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Celebrating Pete Seeger | The Nation

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Celebrating Pete Seeger

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Pete Seeger

Pete Seeger in concert in 1986.

Editor's Note: Pete Seeger celebrated his 90th birthday in 2009; Katrina vanden Heuvel was among the many fans in attendance. We repost her dispatch now, on the occasion of Seeger's passing.

"You outlasted the bastards, man," Bruce Springsteen said as the crowd roared. That was my favorite line at the rollicking concert celebrating Pete Seeger's 90th birthday. There were other uplifting, astonishing moments during the five-hour concert May 3 at Madison Square Garden, which Seeger only OK'd because it raised funds for Hudson River Sloop Clearwater -- a nonprofit he started in 1969 to clean up his beloved, polluted Hudson River.

Fifteen thousand people of all ages danced, clapped and sang along as Seeger did a soaring version of "Amazing Grace" and the saintly-looking Joan Baez  sang "Where Have All the Flowers Gone?" Ruby Dee entranced with her reading of a poem for peace written by Seeger's uncle. In between, a startlingly youthful  Emmylou Harris recounted correspondence she'd had with Seeger as a young folk singer; Tom Morello and Taj Mahal teamed up on "Waist Deep in the Big Muddy"; and John Mellencamp offered up "If I Had a Hammer."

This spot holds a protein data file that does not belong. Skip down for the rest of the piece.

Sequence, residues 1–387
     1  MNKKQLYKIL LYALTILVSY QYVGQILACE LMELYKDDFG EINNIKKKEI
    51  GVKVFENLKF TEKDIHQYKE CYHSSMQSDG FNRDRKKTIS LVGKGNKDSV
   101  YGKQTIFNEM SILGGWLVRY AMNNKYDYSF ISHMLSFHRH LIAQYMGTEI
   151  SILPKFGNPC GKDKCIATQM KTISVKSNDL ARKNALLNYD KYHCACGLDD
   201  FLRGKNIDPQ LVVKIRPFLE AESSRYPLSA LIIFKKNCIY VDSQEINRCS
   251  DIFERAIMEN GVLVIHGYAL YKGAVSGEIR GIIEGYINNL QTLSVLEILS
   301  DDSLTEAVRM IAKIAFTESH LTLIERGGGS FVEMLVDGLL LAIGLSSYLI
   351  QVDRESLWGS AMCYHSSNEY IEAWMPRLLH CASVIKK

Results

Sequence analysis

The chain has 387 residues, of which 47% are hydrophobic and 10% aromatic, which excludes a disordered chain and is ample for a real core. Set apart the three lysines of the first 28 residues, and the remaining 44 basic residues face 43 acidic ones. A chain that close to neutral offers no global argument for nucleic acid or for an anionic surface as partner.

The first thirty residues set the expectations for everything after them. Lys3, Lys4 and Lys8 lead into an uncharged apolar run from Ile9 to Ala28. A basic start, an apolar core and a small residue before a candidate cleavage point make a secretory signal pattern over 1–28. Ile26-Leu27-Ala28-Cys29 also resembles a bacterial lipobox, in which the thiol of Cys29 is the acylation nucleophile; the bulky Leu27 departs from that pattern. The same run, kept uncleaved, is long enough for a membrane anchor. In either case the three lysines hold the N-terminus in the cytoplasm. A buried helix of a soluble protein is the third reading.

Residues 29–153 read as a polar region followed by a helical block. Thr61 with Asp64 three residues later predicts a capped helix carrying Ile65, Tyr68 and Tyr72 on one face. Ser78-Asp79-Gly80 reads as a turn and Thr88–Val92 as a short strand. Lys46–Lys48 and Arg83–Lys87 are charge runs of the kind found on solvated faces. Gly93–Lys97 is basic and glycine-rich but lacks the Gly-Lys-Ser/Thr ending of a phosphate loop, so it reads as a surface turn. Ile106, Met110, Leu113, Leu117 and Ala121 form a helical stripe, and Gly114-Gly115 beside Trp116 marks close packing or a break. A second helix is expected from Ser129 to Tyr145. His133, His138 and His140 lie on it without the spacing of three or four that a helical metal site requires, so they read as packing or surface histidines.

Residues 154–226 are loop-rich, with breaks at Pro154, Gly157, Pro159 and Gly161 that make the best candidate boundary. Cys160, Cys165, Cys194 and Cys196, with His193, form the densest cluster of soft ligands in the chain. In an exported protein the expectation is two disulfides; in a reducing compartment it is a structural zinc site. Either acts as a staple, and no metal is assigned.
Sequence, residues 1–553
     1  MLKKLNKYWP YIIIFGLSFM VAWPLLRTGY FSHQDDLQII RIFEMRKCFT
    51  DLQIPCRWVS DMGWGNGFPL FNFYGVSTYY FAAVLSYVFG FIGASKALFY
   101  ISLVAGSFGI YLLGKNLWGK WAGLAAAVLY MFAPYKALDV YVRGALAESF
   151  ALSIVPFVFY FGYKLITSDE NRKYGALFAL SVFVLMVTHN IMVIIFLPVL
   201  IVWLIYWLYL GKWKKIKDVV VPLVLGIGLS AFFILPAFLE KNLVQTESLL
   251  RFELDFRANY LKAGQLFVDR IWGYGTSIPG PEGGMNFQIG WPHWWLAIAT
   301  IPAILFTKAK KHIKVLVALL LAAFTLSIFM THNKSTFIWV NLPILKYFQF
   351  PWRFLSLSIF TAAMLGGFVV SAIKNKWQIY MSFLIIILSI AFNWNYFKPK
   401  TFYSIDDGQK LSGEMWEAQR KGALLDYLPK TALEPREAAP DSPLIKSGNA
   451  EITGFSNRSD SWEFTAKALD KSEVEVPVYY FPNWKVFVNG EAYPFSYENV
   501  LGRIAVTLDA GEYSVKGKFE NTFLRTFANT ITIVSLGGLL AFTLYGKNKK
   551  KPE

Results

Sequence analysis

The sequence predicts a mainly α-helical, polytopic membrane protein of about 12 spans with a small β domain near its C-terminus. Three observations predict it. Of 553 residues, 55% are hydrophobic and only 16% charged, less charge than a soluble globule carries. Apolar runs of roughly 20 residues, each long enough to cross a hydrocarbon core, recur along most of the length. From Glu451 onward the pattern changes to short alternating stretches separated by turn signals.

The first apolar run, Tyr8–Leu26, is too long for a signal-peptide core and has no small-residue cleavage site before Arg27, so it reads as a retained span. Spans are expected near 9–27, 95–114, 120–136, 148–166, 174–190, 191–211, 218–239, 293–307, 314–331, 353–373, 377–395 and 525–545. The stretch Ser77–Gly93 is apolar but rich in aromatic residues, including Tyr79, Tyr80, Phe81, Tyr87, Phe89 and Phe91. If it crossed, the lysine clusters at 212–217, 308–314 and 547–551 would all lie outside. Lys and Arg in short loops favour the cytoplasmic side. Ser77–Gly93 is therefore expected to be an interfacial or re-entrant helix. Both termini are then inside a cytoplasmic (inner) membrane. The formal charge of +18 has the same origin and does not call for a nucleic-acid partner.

Toward the end, Springsteen announced to the crowd, "Pete's gonna come out.... He's gonna look like your granddad if your granddad could kick your ass." Seeger looked all of 25--of strong backbone and spirit and moxie and with keen eyes, which are the stronger for having seen the best, and the worst, of our country's history. As Springsteen said, Pete has a "stubborn, nasty, defiant optimism"; he's like "the stealth dagger through the heart of our country's illusions about itself." Springsteen also talked about growing up in a town that endured race riots. He said Seeger transformed "This Land Is Your Land" from a labor anthem to a civil rights anthem, and he described preparing for their duet of the song at Obama 's inauguration. Seeger said to him then, "I know I want to sing all the verses, all the ones that Woody wrote, even the two that usually get left out."

"There was a big high wall there that tried to stop me/Sign was painted, it said private property/But on the back side it didn't say nothing/That side was made for you and me." It seemed that there was enough humanity in that one hall to fill all of the nation with amazing grace. As New Jersey's and the nation's bard summed it up: "Pete sings all the verses, all the time, especially the ones we'd like to leave out of our history as a people."

Read Next: John Nichols on the life and legacy of Pete Seeger.

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